This, however, is one of the book's few caveats. Those who are comfortable in the kitchen will have great success with these recipes. But a novice will likely be left with a lot of questions, and perhaps even some failures. I do not see this as a strike against the cookbook -- it does not purport to be an instructional text, so there is no unfulfilled promise lurking within. However, it's still worth mentioning that it may not be a good candidate for a fledgling cook.
The first recipe I tested was the Chocolate Chip Cookies, but to say these are not your average chocolate chip cookies is a great understatement. Containing 15 ounces of chopped dark chocolate, they're striated with layer upon layer of chocolate. The inevitable variation in the size of the chocolate chunks means that the tiny chocolate shards melt completely into the dough, while larger chunks create luxurious pockets of gooey chocolate. They were remarkable.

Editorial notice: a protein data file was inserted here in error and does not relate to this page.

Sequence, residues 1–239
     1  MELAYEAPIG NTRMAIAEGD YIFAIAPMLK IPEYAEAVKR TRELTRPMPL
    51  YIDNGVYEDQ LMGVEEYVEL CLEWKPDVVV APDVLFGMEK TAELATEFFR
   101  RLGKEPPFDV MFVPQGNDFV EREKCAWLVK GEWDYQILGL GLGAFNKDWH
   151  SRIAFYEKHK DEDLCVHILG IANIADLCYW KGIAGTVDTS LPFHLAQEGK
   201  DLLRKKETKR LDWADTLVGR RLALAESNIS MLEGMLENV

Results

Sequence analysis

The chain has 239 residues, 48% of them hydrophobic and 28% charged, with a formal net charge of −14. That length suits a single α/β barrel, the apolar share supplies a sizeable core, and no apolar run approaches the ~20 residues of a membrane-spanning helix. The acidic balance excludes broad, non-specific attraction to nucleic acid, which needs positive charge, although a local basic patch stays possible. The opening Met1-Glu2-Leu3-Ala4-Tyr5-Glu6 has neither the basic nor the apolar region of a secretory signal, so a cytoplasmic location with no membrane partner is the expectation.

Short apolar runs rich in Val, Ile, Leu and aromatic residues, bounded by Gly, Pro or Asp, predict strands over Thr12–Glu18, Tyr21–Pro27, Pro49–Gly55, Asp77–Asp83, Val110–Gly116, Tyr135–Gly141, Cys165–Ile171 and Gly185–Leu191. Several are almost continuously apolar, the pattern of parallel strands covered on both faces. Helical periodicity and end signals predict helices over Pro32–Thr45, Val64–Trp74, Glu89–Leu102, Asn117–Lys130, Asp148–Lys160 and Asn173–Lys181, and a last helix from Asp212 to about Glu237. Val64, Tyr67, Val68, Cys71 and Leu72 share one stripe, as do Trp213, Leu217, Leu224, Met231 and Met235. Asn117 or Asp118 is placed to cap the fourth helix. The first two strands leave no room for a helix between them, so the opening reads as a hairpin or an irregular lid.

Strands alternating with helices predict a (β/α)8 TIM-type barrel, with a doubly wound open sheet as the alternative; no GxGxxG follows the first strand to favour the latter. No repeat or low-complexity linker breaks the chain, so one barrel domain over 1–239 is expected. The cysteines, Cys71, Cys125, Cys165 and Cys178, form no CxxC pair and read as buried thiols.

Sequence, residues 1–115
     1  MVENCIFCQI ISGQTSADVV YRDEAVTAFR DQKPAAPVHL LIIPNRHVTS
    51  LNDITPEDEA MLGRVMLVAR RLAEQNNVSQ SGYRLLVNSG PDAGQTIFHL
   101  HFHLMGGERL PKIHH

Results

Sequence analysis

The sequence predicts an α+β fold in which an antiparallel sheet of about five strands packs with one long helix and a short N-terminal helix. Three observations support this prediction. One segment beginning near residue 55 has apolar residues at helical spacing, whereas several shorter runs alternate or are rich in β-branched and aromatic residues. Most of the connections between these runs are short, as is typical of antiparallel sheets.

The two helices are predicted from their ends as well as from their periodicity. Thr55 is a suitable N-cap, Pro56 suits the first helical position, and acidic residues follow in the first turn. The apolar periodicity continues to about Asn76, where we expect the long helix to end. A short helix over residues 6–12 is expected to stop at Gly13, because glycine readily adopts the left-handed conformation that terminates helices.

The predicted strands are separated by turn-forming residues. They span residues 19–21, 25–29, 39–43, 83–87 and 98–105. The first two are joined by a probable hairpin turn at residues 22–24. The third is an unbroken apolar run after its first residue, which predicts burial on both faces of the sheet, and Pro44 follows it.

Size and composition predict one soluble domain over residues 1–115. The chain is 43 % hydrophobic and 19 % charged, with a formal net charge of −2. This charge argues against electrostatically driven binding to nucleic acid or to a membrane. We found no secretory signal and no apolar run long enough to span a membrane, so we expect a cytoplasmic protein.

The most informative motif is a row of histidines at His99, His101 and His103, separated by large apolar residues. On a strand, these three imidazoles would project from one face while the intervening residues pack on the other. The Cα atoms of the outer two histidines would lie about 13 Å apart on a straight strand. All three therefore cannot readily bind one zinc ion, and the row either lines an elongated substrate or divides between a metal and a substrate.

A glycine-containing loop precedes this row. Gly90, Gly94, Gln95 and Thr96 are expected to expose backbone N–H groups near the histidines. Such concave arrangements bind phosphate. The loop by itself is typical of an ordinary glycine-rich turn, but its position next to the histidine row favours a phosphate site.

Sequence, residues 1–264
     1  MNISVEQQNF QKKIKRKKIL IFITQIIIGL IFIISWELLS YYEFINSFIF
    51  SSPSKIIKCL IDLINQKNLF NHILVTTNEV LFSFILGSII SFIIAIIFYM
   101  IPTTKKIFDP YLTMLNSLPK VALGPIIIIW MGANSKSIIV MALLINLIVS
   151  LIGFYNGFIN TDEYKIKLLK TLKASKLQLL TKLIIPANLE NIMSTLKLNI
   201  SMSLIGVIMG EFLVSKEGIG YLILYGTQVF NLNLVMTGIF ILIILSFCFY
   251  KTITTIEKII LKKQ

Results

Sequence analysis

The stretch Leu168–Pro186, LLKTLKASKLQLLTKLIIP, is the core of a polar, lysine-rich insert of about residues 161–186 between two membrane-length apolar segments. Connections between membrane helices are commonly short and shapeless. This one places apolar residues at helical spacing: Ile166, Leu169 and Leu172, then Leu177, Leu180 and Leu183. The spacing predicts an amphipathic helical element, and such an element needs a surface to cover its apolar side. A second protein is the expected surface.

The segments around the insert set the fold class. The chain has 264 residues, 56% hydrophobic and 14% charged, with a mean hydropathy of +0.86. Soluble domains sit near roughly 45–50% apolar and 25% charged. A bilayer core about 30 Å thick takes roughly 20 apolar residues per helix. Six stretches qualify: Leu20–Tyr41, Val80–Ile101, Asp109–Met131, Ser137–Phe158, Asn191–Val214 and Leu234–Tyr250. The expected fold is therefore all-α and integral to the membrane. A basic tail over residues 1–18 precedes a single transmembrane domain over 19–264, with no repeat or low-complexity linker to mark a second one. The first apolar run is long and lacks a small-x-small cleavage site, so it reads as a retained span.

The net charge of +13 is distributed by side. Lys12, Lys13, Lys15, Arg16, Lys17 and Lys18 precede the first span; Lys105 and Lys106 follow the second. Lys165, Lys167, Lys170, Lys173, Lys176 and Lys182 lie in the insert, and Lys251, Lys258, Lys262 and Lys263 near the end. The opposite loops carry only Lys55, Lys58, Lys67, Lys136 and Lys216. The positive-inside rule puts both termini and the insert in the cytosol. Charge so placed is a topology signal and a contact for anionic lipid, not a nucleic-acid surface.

Next came the Chocolate Bread. The loaf came out beautifully -- dark and punctuated with hazelnuts, dark chocolate, and raisins. This bread is excellent served with salted butter or even cheese; I can only imagine how delightful it would be as French toast or in bread pudding. The Chocolate Chip and Ricotta Pancakes were similarly outstanding; nearly perfect, in fact. They were as light as pancakes can get and generously dosed with chocolate. They needed no accompaniment. Maple syrup need not apply.